Well done! We made it to 2020.

The beginning of the year is a natural time to set goals, but it doesn’t appear likely that a new year will miraculously bring a new you. Be aware: New Year “Resolutions” can apparently do more harm than good (Amy Cuddy, 2017).

So how about first, a recap of the last 12 months? Celebrate what you achieved in 2019, what you learned, what you wouldn’t do again. What did you do well?

Slow down, recollect, then turn to what you want next.

Be honest. You don’t have to tell anyone your goals. They can range from light-hearted to critical, and be as long or short term as you need.

The key is to make the decision about what you do and don’t want.

Six quick goal setting tips:

  1. Be realistic
  • It is better to make small, achievable changes than pledge to act like a whole different person because it’s January. Try not to let your goals start with “I will never…” or “always”. Cuddy suggests “self-nudging” – setting incremental goals that will bring you closer to large milestones. Consistency is key.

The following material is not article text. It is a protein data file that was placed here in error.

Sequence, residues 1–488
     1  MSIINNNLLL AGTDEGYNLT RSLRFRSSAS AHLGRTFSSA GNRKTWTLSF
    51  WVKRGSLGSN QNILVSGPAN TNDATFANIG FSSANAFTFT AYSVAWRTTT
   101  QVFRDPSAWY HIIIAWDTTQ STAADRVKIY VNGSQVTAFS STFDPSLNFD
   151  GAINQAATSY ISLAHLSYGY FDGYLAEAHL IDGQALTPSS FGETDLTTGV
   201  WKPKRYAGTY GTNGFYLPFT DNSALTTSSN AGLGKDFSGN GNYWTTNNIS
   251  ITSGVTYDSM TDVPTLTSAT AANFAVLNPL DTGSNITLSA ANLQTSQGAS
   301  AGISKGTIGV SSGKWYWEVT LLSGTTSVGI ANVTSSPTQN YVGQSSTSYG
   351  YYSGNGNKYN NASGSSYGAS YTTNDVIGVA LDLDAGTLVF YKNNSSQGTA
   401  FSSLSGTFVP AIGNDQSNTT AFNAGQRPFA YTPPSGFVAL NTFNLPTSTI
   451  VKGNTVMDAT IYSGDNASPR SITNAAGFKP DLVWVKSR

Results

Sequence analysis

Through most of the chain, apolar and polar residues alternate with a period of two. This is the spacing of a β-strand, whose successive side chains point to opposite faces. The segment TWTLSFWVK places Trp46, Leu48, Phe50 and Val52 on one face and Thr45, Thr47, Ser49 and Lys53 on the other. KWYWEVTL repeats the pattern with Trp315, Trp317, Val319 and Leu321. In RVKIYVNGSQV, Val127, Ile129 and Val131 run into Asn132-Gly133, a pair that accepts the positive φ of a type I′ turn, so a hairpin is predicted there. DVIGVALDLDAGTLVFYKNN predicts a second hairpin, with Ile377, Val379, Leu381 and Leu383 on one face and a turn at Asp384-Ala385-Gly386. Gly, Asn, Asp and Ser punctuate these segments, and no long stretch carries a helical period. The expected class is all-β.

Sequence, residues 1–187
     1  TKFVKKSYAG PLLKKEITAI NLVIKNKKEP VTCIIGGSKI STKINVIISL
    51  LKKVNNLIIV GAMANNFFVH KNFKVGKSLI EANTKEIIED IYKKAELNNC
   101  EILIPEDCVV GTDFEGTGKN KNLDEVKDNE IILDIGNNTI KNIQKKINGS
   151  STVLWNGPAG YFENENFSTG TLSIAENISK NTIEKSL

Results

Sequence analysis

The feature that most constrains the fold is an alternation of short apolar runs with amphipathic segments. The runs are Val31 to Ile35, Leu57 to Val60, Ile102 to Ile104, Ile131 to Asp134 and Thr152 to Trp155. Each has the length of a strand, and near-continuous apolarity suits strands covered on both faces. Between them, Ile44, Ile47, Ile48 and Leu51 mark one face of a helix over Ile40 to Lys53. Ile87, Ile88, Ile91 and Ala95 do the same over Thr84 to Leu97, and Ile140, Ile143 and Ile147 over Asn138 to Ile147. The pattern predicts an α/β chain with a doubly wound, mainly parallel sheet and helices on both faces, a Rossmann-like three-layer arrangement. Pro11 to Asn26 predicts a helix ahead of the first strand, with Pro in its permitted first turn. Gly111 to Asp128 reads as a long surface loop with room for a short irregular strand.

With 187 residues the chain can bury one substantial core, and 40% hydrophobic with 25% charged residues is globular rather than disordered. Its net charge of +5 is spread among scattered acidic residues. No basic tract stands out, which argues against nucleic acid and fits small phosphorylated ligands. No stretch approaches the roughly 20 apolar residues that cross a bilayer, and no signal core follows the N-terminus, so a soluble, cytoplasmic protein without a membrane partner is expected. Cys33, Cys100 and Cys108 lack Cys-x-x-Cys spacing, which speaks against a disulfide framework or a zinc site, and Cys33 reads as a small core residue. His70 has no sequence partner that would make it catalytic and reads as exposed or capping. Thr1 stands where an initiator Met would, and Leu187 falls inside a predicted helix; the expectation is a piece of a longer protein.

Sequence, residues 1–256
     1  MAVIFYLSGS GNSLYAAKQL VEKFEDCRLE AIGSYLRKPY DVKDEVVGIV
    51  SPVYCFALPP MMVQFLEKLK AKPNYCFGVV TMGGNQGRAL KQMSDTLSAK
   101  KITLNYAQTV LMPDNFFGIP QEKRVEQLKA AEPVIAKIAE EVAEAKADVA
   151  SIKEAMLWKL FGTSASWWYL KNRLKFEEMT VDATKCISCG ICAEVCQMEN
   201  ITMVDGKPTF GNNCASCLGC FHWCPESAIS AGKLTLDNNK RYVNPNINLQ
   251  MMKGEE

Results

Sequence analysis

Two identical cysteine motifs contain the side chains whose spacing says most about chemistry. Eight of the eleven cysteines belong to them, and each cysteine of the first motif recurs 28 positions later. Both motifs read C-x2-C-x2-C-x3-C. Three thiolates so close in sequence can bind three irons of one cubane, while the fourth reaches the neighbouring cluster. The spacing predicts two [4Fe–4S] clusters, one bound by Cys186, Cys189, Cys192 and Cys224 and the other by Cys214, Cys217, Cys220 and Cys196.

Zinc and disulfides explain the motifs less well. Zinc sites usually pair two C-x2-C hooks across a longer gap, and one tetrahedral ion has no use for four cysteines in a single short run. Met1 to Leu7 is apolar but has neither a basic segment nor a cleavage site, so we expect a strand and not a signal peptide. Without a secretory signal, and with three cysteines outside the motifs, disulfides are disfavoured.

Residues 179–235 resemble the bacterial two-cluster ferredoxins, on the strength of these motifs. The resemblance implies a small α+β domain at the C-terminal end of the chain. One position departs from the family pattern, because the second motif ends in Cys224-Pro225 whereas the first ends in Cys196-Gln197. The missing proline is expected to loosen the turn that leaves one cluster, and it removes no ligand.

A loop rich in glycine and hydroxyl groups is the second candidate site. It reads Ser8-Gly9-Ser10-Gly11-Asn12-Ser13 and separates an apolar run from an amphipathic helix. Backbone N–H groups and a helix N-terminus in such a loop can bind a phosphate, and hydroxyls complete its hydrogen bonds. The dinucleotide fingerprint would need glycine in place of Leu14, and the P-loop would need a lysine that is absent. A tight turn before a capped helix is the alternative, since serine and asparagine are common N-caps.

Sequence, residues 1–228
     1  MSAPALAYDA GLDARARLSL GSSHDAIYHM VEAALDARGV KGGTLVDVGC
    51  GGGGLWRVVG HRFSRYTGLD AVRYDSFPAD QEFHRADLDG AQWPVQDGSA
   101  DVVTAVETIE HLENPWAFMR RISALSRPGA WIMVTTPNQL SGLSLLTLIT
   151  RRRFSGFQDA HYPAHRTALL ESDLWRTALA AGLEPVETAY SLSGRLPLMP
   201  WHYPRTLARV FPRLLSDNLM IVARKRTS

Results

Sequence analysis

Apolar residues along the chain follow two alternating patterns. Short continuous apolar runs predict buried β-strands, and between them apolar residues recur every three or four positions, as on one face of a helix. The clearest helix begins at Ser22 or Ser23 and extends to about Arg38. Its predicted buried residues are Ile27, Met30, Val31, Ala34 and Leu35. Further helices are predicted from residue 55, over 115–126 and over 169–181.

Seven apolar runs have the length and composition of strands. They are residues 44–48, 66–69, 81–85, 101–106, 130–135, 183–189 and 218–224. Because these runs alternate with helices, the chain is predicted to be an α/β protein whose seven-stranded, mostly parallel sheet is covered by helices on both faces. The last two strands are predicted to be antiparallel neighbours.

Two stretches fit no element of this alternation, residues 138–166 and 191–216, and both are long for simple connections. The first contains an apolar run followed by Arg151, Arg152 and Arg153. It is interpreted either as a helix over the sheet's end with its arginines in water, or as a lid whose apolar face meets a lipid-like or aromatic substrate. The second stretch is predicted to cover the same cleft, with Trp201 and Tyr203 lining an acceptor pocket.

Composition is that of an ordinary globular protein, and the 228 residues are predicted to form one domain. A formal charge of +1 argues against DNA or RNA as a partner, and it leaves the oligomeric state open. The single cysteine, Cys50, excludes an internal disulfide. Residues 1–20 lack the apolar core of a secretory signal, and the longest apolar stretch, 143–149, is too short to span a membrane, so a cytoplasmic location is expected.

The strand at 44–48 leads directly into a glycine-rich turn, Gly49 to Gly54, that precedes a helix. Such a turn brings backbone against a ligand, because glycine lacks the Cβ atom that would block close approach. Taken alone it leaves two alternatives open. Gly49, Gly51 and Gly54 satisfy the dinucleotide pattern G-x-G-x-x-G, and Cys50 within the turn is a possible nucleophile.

2. Get physical

  • Write out your intentions, get a wall planner or make a vision board – whatever suits. In the digital age, words on paper provide more connection and intimacy with your goals. A word document is just too easy to lose.

3. Give it your best

  • Do you feel a little fear? Good. Entering the flow state is only possible when the challenge engages your skill. Without proper challenge, you’re just relaxing. Sometimes the fear of trying is all that stands in the way. Imagine the worst case scenario. You fail? You try again. No one is judging you as much as you think.

4. Everything has a price

  • Every experience, behaviour, interaction, relationship… can cost. You may or may not be on a financial budget, but no one has limitless time and energy. Five minutes of a destructive behaviour can be energetically expensive. Carefully consider what you can afford to spend time and emotional energy on.

5. Get over last decade

  • A study found participants who wrote down their regrettable decisions and sealed them in an envelope reported “feeling significantly better about their past decisions”. Physically symbolic closure can lead to real emotional closure. Learn from your mistakes, then leave them in 2019. Look forward.

6. Keep it simple.

  • Simply saying no to destructive behaviours and yes to constructive action is often all that is needed to reach your goals. Deep down, you know what is good for you and what isn’t. Strive for delayed gratification. Actioning that is a matter of impulse control:

Share This